Hey MD readers! I’m back home to Los Angeles after working with Billy Idol for a few weeks. We’d been rehearsing quite a bit before we went to Moscow for a private gig and did a week of west-coast dates here in the U.S.
It’s been an interesting journey that led me to this gig, and there’s one person that is hugely responsible for this, producer Keith Forsey. Keith has been Billy’s longtime producer, and he’s done some amazing work with Simple Minds, Donna Summer, as well as several successful soundtracks as a producer, writer, and drummer.
I first met Keith in 1999, when I started playing with a local pop/rock/electronica artist named Nik Frost, whom Keith was developing. We spent a lot of time rehearsing, recording, writing, and doing gigs around L.A. Keith was very involved in every aspect of the project, so we spent a lot of time together. Shortly after my involvement with Nik, Billy began writing and recording new demos, and one day Keith asked me to come play on a track. Being overly happy and excited, I was trying my best to hide my nerves when I showed up at the studio. Luckily, it was a fast song in typical Billy Idol–style. Billy was there to put down a guide vocal for me to play to, and then it was my turn. (gulp!) To have Billy and Keith on the other side of the glass while I tracked was more than enough for my adrenaline and concentration to max out. And it went great!
Over the years, Keith began hiring me pretty much for everything he was involved with. We did work with Giorgio Moroder (Donna Summer), Harold Faltermeyer (Top Gun and Beverly Hills Cop), and a wide array of other artists. Keith also produced two songs for the band Low Millions that I was part of in 2005 and 2006. Those two songs happened to be the two singles “Eleanor” and “Statue.”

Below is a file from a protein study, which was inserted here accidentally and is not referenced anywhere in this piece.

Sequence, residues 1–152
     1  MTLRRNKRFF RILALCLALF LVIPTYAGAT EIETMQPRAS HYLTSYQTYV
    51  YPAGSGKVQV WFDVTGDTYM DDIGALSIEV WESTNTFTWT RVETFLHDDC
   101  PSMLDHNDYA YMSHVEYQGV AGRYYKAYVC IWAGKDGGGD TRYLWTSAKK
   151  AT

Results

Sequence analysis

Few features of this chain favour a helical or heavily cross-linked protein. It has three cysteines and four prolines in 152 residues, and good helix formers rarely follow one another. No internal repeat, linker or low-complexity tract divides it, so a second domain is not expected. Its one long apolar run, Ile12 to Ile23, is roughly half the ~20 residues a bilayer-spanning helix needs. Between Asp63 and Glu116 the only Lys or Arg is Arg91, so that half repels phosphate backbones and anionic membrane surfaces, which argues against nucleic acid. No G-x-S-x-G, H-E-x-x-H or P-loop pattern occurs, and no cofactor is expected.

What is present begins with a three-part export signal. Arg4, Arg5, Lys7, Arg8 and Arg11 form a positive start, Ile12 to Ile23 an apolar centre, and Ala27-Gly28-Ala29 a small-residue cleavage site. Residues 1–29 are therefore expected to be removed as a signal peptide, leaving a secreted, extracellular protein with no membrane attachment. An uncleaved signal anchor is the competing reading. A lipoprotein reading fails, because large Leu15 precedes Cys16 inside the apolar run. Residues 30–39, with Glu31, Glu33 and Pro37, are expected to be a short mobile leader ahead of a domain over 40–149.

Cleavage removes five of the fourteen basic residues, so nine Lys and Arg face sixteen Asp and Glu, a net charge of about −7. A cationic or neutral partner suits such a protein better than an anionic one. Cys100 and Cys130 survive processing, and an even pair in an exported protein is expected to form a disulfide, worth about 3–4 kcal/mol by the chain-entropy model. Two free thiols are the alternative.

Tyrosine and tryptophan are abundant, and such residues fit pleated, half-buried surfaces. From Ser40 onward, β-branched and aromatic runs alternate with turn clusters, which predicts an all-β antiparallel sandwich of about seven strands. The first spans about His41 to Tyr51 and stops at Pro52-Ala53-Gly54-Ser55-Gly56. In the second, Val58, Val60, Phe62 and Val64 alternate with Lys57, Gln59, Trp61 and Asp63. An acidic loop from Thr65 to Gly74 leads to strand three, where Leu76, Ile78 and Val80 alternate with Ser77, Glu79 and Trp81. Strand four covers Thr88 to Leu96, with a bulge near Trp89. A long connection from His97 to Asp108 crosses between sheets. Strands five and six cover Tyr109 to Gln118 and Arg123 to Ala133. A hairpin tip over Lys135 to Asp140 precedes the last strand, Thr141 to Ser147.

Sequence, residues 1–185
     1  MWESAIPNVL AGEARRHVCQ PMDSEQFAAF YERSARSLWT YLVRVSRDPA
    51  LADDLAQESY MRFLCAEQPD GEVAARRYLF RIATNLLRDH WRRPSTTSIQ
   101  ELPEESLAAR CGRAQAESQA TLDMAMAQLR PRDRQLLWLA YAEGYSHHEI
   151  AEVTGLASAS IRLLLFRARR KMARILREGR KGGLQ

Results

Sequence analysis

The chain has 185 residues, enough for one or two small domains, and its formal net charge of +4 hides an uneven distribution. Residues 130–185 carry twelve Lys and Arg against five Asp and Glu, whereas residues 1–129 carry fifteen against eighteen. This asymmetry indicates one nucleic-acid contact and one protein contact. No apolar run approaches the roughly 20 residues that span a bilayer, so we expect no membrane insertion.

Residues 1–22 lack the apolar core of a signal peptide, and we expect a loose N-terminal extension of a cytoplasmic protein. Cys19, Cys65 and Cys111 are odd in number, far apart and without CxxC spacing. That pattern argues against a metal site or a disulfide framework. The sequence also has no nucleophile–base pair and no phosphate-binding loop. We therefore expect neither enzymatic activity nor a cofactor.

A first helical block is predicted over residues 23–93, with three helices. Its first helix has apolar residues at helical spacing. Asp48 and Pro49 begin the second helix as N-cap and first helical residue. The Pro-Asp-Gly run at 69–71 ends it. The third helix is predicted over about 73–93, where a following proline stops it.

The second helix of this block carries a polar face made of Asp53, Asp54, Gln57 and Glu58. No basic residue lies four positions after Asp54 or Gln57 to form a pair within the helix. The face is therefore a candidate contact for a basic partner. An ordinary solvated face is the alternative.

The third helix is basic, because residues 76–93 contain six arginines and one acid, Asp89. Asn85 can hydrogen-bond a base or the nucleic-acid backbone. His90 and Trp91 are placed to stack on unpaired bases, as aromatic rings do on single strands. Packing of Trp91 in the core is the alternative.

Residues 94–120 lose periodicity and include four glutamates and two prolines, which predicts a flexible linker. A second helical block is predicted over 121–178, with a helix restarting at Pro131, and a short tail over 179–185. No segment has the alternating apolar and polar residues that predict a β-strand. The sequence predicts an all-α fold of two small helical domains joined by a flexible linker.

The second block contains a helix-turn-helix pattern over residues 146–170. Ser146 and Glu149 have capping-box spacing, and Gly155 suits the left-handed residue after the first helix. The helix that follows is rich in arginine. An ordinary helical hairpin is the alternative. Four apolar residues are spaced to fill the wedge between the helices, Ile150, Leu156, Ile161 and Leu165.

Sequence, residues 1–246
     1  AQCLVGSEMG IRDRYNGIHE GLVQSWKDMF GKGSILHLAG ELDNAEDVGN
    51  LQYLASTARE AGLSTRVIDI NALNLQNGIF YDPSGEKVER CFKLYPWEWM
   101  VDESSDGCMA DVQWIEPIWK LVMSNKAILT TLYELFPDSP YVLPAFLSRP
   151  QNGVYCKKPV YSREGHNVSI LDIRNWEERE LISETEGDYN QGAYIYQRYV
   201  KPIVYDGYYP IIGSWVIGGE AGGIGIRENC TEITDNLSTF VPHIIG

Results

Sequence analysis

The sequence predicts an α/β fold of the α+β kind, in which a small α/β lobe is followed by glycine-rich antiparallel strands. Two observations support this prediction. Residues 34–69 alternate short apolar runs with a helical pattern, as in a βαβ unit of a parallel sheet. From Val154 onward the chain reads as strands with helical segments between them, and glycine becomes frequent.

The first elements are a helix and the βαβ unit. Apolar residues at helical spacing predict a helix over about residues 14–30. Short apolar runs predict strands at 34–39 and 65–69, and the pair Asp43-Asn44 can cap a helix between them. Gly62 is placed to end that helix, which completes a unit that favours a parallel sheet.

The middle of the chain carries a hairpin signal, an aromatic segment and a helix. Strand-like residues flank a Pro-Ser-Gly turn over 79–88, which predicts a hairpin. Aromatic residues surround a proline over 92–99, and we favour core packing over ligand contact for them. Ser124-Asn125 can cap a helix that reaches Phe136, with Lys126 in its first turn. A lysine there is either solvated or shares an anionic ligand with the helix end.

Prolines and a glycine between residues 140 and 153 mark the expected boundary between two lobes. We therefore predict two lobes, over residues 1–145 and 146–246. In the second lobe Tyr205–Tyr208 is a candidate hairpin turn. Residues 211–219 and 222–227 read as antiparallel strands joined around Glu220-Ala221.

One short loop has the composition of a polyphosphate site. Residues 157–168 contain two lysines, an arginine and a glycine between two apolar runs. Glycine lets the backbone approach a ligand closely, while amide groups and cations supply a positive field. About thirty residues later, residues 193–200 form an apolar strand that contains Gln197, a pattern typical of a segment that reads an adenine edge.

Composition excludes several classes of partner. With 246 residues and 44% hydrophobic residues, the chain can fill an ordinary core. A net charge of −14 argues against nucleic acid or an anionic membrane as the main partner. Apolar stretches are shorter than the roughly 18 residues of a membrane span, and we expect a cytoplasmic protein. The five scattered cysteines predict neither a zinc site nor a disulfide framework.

Last year, Keith called me to play on more tracks for Billy Idol. They had been writing a bunch of new material and were still in the demo stage, but we got along great in the studio. This led them to hiring me for the rerecordings of “Rebel Yell” and “Dancing With Myself.” This was a fun challenge because I had to recreate the exact drum sounds and parts. Everything had to be exactly like the original drum tracks.
A few months ago, Keith called to find out my availability to do some live gigs with Billy because their drummer couldn’t make it. There were some concerns initially, since there was no time to rehearse and I had never played live with that band. But because I had done a bunch of recording, they still felt confident that I could pull it off, and the gigs were two months away.
When I first saw the set list of the twenty–five songs, I really felt that rehearsals were needed, so guitarist Steve Stevens suggested that we get together that next week and start running through a bunch of the songs. I buckled up and started shedding the songs. It’s a very physical gig with lots of fast tempos, so I spent a good few hours every day practicing to build up stamina. By the time we had our first rehearsal, I felt really good about it. I instantly clicked with everyone in the band, both musically and personally, and they all made me feel very comfortable.
Billy’s music is fairly straight ahead and simple, but the songs have very specific parts, plus there were many things that had changed from the album versions. The guys were also very open to my interpretations of some of the songs, like “Sweet Sixteen” and “Love Like Fire.” I do admit to being nervous before the gig we did in Moscow, not only because it was my first gig, but it was also colder than hell and I remember thinking “my arms are going to break.” I was conscious of not tensing up without losing power and energy.
The drums are driving this band, but it’s not always as hardcore as you might think. There are still lots of dynamics and space, and it’s always about the groove. I’m having the time of my life and hoping to do lots more!
I’d like to thank Ludwig, Sabian, Vic Firth, and Aquarian for all the great support. Thanks for reading!
For Billy Idol tour dates and more, visit www.billyidol.com.